Known as 'White Dainty' in the USA.
This is actually a different species Hibiscus arnottianus
These may be available from time to time
'Carnation' (also sold as 'Hiawatha')
New varieties may be be released onto the market from time to time. Some of these may have been developed in other parts of the world. Their performance in Queensland gardens may yet to be proven, but if you like to experiement, you might like to give them a go.
Hibiscus schizopetalus Acacia Ridge, April 2013
Hibiscus schizopetalus Coopers Plains, March 2013
Hibiscus historic links
Story about the native Hibiscus heterophyllus
, at the Save or Riverfront Bushland (SORB) website (PDF)
Useful plants in the Malvaceae family Australian New Crops Newsletter Issue No 8, July 1997. (PDF))
) At the "Grow Me Instead" website, Australia
Other Australian native Hibiscus, Alyogyne, Lagunaria species
A website devoted to Australian native hibiscus and hibiscus like species
in "The Native Gardener", Newsletter of the Society for Growing Australian Plants Townsville Branch Inc. (PDF)
) Pacific flora database of the National Tropical Botanical Garden, USA
Turk's Cap, Wax Mallow Malvaviscus arboreus
. Online Manual of Subtropical Landscaping Plants, Palm Beach Community College, Florida
This group is better suited to temperate climates than the classic tropical hibiscus and is not common in Queensland. If you live in a cool area and want to find out more, you'll find plenty of information online via a web search.
This reproduction of a 1941 article includes information on the history of this plant in cultivation. Arnold Arboretum, Harvard University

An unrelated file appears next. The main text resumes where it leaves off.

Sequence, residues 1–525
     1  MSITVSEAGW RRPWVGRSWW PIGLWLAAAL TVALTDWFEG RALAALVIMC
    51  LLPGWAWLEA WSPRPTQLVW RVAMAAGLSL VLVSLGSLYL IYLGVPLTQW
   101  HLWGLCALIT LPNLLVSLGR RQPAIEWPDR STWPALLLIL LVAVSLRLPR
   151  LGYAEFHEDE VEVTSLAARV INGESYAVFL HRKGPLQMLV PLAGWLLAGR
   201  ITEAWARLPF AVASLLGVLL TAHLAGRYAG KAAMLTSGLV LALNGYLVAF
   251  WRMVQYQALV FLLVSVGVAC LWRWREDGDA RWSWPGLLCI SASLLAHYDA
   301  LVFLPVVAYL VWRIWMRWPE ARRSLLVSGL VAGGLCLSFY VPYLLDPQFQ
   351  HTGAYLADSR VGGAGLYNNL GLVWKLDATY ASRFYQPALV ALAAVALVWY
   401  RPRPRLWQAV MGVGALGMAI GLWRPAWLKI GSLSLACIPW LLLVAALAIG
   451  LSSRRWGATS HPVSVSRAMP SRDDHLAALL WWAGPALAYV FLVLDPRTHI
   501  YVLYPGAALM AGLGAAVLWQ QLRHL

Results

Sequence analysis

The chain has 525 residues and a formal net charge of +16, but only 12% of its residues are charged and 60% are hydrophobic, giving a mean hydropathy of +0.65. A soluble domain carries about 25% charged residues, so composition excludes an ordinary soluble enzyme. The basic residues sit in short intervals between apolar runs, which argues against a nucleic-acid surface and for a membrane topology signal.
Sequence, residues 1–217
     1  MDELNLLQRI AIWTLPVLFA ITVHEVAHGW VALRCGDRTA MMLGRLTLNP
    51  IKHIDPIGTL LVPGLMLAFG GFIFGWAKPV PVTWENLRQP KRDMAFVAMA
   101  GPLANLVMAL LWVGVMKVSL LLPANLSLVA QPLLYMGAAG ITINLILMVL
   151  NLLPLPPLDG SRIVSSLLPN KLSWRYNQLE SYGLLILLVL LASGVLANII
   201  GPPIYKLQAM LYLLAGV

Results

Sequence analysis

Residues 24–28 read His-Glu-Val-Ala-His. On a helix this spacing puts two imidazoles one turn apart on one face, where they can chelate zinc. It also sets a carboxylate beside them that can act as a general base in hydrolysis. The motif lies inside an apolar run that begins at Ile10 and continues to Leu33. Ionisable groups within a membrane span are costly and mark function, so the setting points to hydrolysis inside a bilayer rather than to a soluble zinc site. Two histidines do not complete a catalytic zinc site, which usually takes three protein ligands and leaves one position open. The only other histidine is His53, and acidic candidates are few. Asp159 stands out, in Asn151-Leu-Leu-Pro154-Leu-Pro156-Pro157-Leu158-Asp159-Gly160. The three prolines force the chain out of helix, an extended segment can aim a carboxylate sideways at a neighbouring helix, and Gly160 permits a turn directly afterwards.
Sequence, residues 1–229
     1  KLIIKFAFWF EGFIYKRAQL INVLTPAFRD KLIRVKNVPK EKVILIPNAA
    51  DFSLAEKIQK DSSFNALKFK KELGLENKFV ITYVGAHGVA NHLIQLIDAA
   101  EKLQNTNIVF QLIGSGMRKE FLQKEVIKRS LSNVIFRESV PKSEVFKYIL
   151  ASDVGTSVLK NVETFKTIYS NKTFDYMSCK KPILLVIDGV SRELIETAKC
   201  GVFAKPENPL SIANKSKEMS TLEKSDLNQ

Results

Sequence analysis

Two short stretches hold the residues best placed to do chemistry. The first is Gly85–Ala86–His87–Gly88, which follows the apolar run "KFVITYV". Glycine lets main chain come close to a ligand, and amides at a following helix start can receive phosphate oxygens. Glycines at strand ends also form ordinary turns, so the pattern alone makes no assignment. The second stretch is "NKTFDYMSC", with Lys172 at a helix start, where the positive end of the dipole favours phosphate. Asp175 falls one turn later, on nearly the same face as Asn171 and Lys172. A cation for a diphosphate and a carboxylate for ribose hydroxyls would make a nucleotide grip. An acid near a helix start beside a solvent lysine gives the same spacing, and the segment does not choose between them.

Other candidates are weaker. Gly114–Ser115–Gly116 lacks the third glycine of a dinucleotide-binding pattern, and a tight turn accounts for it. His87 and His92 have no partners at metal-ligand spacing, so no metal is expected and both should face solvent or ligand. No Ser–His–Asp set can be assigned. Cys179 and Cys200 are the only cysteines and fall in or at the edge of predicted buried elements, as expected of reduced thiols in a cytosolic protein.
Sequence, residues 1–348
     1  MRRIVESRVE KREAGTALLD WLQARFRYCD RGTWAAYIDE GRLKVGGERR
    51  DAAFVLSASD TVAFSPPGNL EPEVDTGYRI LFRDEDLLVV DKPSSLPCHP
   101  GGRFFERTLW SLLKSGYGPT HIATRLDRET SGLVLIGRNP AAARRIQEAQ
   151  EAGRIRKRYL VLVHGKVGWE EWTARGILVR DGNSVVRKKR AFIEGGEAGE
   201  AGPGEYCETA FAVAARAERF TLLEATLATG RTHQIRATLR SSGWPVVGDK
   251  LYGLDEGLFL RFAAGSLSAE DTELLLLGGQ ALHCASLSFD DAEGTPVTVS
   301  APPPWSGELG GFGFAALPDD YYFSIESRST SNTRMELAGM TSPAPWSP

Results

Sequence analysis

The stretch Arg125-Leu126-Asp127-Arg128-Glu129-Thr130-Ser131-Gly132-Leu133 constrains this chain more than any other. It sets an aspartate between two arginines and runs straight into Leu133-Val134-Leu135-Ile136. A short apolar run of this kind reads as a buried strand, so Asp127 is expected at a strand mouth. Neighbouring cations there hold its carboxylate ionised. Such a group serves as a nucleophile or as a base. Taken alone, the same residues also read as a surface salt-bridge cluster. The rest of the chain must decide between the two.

Other Hibiscus around the world
NB: The non-native species may be difficult to find in Australia, but somelinks have been included for the sake of interest.
Hibiscus (unknown variety) Sunnybank Hills, August 2013
Hibiscus (unknown variety) Sunnybank Hills, August 2013
|Following the mild winter of 2013, these Hibiscus are already putting on plenty of new growth and flowers in mid-August.|
|Hibiscus Erinose Mite (Brisbane, May 2013)|
Flowers are produced with new growth. Brisbane, September 2013
A variegated Hibiscus, probably 'Snow Queen'. The plain green shoots will eventually dominate the plant if not pruned out.
'Ruth Wilcox' is a tall, single pink is common in Brisbane and has stood up well to our recent droughts, even in inhospitable locations like suburban footpaths (Sunnybank, Brisbane, December 2013)
More Online Information resources
Because of the popularity if Hibiscus throughout the world, there is plenty of good information online. Some key websites of interest to Queenslanders are:
Enthusiasts may be interested in Hibiscus Around the World, January 1964 (Letters to J.W. Staniford 1963-67 from Ross H. Gast reproduced at www.hibiscusworld.com), which contains some information about cultivars available in Qld in the 1960s.
Following are a sewlection of links to more international information. Note that some of the varieties referred to in these publications might not be available in Australia, and some of the other particular information (e.g. chemicals) may not be applicable here.